Designed to present a showy, cosmopolitan facade for New Yorker and sugar planter Bradish Johnson and his wife, Louisa, this house, of gray-painted brick with beige trim, rises in layers, from the tall flight of stairs to the balconied portico with Corinthian columns, the heavy cornice with paired brackets, the concave mansard roof with a prominent bull’s-eye dormer window, the pedestal-shaped chimneys, and the iron cresting along the eaves of the roof. Initially attributed to James Freret, in part because the Second Empire elements were thought to be a product of his studies at the Ecole des Beaux-Arts in Paris, the house has been reattributed to Reynolds on stylistic grounds; the magnificent circular staircase has also lent support for crediting Reynolds, who wrote a handbook on stair design. However, such staircases were ubiquitous in grand mansions during this period, and designing a staircase was one of the first exercises that budding architects had to learn. This marble spiral staircase, beneath a glass dome, is reached from the entrance hall through a wide, decorated archway similar in form and effect to a theater’s proscenium arch. If Reynolds did design the house, he did not take credit for it in his brief autobiography, which is included in Edwin L. Jewell’s Crescent City Illustrated (1873). From 1873 to 1874, Reynolds was designing buildings in Galveston, one of several cities where he had worked earlier in his career. After having several owners, the house was purchased in 1929 for use as a private girls’ school. The school has since expanded by acquiring several late-nineteenth-century houses in the same block bounded by Prytania, 1st., and Philip streets and St. Charles Avenue. Jahnke and Burns renovated some of them for their new academic purpose.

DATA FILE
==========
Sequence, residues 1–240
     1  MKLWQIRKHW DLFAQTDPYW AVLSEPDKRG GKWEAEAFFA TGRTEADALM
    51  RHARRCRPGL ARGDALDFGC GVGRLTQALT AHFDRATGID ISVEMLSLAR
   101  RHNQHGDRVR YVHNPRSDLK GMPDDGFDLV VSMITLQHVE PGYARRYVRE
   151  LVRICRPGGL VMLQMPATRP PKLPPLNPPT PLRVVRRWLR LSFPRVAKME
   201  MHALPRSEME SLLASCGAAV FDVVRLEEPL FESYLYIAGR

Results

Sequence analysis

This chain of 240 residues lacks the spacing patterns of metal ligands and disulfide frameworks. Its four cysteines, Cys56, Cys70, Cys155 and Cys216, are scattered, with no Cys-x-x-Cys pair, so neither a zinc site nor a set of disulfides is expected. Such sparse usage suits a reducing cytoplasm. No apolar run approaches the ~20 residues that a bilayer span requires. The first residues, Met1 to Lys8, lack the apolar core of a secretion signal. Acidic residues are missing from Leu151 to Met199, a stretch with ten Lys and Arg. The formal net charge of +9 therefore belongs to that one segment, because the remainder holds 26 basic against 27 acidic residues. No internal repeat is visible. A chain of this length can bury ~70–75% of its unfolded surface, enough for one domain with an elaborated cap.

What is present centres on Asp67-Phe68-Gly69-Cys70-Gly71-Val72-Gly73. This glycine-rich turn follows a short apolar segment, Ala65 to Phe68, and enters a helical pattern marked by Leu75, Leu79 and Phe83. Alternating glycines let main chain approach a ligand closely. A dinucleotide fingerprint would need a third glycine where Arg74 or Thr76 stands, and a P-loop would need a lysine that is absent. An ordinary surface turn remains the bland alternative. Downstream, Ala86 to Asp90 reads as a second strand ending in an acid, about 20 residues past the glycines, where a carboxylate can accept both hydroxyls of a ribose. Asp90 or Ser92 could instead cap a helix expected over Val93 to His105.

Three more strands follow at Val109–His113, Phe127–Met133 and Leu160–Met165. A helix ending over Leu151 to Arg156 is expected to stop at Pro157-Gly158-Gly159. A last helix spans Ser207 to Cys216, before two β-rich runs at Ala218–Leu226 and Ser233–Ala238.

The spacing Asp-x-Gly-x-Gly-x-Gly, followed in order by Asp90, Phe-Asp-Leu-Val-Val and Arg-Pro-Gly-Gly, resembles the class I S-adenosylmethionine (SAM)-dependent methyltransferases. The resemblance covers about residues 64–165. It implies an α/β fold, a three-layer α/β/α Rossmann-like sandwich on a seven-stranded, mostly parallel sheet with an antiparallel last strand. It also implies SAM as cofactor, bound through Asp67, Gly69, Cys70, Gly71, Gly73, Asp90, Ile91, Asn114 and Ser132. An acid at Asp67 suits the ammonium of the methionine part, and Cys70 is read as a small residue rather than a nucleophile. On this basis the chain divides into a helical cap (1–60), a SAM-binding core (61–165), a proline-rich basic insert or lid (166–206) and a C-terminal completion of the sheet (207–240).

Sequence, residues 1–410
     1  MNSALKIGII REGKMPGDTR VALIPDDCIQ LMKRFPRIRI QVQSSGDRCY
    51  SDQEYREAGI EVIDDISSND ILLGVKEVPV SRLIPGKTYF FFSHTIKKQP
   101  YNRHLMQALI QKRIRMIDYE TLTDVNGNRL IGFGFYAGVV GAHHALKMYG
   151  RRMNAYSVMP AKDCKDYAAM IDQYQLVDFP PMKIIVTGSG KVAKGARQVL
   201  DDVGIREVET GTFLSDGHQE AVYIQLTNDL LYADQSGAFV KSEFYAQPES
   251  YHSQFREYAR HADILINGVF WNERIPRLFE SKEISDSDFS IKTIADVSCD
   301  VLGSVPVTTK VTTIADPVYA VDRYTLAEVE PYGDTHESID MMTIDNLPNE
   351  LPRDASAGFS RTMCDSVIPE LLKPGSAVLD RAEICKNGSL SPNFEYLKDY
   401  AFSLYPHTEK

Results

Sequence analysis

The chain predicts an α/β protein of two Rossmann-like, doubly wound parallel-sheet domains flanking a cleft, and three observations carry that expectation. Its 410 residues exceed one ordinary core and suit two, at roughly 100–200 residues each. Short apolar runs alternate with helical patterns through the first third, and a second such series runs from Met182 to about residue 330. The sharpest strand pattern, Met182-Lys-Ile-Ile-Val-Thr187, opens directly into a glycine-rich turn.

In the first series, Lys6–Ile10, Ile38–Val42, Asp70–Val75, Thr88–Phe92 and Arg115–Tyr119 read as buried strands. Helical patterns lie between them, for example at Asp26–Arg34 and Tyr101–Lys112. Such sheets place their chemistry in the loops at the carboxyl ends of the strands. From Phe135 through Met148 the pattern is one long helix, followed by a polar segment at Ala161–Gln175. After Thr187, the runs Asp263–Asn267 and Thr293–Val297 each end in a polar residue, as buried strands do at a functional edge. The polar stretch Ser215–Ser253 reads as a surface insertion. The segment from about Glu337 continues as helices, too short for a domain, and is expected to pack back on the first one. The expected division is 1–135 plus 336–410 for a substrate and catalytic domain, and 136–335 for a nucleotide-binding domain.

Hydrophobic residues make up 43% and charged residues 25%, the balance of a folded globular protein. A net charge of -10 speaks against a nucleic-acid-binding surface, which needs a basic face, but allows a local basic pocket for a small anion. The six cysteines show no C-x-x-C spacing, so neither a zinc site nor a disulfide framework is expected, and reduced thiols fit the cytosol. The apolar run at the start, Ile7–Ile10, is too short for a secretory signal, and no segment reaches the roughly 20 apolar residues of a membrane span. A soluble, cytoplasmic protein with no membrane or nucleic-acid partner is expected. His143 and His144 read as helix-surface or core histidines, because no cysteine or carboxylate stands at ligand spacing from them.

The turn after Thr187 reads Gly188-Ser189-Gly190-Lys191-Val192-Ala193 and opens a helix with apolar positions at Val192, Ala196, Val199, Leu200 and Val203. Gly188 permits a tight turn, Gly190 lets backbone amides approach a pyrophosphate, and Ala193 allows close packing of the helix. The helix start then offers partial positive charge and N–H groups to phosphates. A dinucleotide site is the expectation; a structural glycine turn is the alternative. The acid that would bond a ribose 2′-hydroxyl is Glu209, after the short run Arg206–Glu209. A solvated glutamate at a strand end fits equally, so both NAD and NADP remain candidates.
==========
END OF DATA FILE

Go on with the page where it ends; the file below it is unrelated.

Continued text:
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Louise S. McGehee School (Bradish and Louisa Johnson House)
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